There is little question that the preceding half-century has manifested a spectacular capacity for evil, as epitomized by Hitler's maniacal rise to power and the holocaust that he wrought. Nevertheless, though Otto Kallir meticulously collected documents recording this phenomenon and its antecedents, the vast majority of material assembled by him reflects a remarkable capacity for hope and faith in humankind's ability not just to endure, but to produce things of extraordinary beauty. Studying Samuel Morse's attempts to establish an American telegraph network, or the items relating to Charles Lindbergh's historic transatlantic flight, one is reminded of a time when scientific progress seemed to promise a better future, instead of the uneasy compromises it offers today. No less revolutionary than modern telecommunications and aviation were the musical and literary innovations of Gustav Mahler, Alban Berg, Hugo von Hofmannsthal and Rainer Maria Rilke. Otto Kallir felt privileged to be a witness to such a plethora of extraordinary developments, and he made it his life's work to celebrate them.


Not just an art dealer and collector, Kallir sought to share his enthusiasms with a wider audience by functioning as both writer (he believed the catalogue raisonné to be the cornerstone of art connoisseurship) and publisher (of literary works and limited edition graphics by such artists as Beckmann, Kubin and Schiele). He was forever urging acquaintances to record interesting experiences, and thus it was that when he encountered Reinhold Hanisch, an artist who had known Hitler in his Vienna days, he encouraged him to write a memoir (later smuggled out of Nazi Austria) that remains a principal source of information on this early period in the Führer's life. While it may seem ironic to draw a parallel between the Hanisch manuscript and the autobiography, My Life's History, that Kallir coaxed out of Grandma Moses, there is in fact a very real connection between the two. Kallir was driven by the conviction that things must be preserved or they would otherwise be lost. It was this compulsion that inspired him to salvage the estate of the avant-garde Austrian poet Peter Altenberg, and to rescue from oblivion the legacy of the radical painter Richard Gerstl--who at the time of his suicide in 1908 was one of the most advanced artists in Europe. Perhaps most important of all, it was this that ensured that all the artists associated with his gallery were not just marketed in the conventional sense, but amply documented for posterity.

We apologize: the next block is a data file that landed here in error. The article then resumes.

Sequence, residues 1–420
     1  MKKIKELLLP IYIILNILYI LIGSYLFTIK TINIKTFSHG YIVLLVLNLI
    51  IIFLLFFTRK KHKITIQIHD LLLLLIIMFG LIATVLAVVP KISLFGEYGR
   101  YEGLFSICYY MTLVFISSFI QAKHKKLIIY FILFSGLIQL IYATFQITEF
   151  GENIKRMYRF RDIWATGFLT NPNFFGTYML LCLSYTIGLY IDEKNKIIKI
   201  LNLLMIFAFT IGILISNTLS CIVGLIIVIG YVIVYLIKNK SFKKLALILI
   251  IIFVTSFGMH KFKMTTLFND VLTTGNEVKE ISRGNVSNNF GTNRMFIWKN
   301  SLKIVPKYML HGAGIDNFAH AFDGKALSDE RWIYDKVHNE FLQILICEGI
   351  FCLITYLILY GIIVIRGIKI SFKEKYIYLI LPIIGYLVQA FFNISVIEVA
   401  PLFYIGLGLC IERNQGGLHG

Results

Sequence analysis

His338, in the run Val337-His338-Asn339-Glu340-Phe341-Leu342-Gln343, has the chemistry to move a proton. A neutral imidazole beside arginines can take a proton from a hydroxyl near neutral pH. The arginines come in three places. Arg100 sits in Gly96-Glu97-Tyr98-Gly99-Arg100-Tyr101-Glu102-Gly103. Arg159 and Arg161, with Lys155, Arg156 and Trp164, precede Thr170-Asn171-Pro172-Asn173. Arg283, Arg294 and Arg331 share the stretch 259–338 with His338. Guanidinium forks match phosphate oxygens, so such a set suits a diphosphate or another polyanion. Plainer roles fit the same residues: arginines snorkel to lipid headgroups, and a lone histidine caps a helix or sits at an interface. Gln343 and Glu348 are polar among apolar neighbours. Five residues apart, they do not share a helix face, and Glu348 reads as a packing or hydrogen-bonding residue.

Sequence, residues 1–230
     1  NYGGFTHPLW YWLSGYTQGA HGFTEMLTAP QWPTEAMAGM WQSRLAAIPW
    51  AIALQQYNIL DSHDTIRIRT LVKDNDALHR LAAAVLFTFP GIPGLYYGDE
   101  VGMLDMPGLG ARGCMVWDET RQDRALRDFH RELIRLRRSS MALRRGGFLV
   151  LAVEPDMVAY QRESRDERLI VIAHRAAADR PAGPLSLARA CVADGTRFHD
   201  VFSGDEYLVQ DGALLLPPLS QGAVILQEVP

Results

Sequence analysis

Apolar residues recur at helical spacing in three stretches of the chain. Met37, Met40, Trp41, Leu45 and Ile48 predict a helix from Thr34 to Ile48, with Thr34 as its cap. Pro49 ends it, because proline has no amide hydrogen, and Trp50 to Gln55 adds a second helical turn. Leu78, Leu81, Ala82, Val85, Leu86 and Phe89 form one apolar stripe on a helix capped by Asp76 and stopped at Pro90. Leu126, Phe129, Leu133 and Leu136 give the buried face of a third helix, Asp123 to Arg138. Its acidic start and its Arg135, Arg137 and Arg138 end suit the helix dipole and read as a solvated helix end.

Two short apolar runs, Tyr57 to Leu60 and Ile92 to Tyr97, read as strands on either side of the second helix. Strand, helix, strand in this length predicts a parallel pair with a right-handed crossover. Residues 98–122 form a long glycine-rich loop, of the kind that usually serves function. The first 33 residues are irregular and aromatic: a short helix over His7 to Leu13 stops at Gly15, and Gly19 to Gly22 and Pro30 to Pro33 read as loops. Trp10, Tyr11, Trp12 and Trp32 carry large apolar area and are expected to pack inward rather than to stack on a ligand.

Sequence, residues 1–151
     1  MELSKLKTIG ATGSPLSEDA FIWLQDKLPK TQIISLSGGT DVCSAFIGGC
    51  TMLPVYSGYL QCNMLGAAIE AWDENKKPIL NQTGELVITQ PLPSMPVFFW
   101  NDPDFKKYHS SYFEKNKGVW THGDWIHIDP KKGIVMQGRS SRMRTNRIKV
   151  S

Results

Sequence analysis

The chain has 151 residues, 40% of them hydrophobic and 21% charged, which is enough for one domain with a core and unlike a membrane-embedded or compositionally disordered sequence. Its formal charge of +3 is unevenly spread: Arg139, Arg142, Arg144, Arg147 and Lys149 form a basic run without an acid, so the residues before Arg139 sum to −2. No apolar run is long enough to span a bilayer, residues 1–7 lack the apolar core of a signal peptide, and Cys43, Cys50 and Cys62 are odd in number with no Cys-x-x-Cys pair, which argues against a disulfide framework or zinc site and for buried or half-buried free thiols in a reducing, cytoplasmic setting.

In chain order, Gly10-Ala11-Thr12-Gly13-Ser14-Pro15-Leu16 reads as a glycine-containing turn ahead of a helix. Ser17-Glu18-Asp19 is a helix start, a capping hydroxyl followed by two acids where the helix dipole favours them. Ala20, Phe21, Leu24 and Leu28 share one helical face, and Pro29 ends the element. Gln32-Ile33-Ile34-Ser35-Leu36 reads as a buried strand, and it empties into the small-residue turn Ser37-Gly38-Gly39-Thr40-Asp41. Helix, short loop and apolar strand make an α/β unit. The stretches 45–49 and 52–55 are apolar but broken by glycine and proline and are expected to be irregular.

As the artists represented by the Galerie St. Etienne have become more firmly established in history, scholarly endeavors have become an increasingly substantial part of our efforts, but the present anniversary provides a reminder that such was not always the case. Our gallery, which has become so historical in its orientation, was in its youth a center for the contemporary avant-garde. Otto Kallir's original Neue Galerie, which he ran in Vienna for fifteen years before founding St. Etienne, was a showplace chiefly for living artists, the exclusive Austrian representative of Oskar Kokoschka and Alfred Kubin (among others). When Kallir came to New York in 1939, he brought with him not just Austrian art, but a treasure trove of modern European paintings by such artists as Cezanne and van Gogh. Just as he was sensitive to the historical forces that surrounded him, Kallir was interested in the full range and impact of the international modernist revolution, which provided a context for developments in Austria. This is why the present exhibition includes works by Henri de Toulouse Lautrec, Edouard Manet, Edvard Munch, Maurice Utrillo and Vincent van Gogh, in addition to such old favorites as Gustav Klimt, Käthe Kollwitz and Egon Schiele. These various artworks are complemented by letters, books and documents that either relate to the specific history of the Galerie St. Etienne, or reflect Otto Kallir's eclectic collecting patterns. The goal is to describe the context--aesthetic and historical--in which the Galerie St. Etienne developed over these past fifty years.


50th Anniversary Committee








Dr. Jutta Bohnke-Kollwitz


The Honorable Leopold Bill von Bredow, CONSUL GENERAL OF THE








Lillian Gish




His Excellency Friedrich Hoess, AMBASSADOR OF AUSTRIA TO THE U.S.A.


Prof. Arne Kollwitz


Mr. and Mrs. Leonard A. Lauder


Ambassador Ronald S. Lauder


Gertrud Mellon






Mrs. John Alexander Pope




Dr. Richard A. Simms


The Honorable Wolfgang Steininger, CONSUL GENERAL OF AUSTRIA